Amid the imbroglio over whether, when and how India’s domestic gas price would be revised and with state-run and private investors increasingly anxious over prices turning ever more unremunerative, medium-term prospects of imported gas prices bring little relief either.
While consumers pay an average of $12-16 per million metric British thermal units (mmBtu) for liquefied natural gas (LNG) imported into the country right now, the new long-term contracts sealed by public-sector GAIL (India) from the US and Russia would make gas available in India at not less than $12-13.50/mmBtu, starting 2017.
Analysts said the scenario calls for the new government at the Centre to accord high priority to resolve the row over the formula for gas pricing in order to spur investments in India’s deep-water and ultra-deep-water acreages, from which investors are shying away. The viability of the gas business in India hinges not only on market-determined price for gas but also on how free power and fertiliser units are in pricing their outputs, they added.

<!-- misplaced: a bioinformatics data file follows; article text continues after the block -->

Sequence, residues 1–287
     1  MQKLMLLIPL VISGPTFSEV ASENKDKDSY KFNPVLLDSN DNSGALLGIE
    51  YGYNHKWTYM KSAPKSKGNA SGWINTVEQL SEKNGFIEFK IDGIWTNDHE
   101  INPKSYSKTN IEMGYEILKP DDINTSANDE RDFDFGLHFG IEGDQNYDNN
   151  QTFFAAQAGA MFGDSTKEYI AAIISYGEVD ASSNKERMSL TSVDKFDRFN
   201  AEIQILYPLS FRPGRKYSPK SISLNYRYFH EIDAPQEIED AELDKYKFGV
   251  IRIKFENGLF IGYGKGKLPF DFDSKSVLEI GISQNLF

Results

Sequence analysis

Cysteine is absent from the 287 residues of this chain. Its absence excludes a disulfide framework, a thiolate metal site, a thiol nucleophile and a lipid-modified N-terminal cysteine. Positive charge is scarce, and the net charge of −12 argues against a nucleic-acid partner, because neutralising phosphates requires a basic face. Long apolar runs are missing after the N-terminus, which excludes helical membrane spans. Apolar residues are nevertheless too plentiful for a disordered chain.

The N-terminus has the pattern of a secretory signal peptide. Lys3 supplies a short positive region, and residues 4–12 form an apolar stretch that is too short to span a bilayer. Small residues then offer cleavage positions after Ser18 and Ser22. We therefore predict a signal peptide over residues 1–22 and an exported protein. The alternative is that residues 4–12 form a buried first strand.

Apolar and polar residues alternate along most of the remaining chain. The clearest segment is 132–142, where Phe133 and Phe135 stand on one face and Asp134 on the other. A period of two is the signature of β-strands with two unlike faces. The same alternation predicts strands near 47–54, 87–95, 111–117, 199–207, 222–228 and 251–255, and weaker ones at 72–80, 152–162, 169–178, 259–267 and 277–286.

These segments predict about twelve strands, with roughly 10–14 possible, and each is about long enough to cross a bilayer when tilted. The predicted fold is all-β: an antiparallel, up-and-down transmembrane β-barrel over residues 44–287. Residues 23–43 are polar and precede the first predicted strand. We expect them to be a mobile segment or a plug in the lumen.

Currently, of the 100-105 million standard cubic metres (mmscmd) of gas consumed by India daily, 70-75% comes from domestic sources and the rest is imported LNG. With domestic output stagnating and demand projected to surge (the BP Energy Outlook report said India’s gas demand would be 183% higher than now by 2035), the country will inevitably rely more on gas imports.
If the the rising oil imports are added to that, the country’s energy sector and government finances looks increasingly vulnerable to external developments. (Till February 2013-14, India’s oil imports bill stood at $133 billion compared with $144 billion in the whole of 2012-13.) There are, of course, some positives like the Oil and Natural Gas Corporation’s plans to double output of both oil and gas by 2030 (including ONGC Videsh’s production from overseas ventures) and the prospect of cheaper Canadian crude from its Alberta
oil sands bounty reaching Indian shores in large quantities four years from now.
Come 2017, GAIL would start getting 4.8 million tonnes of LNG from the US. Another 2.5 million tonnes a year would start flowing from Russia by 2020. Currently, GAIL is sourcing gas from Gas Natural Fenosa and GDF Suez at prices hovering around $14/mmBtu.
The price of gas to be exported from the US would be linked to Henry Hub prices, which currently is at around $4-$4.50/mmBtu. The landed price of this gas is expected to be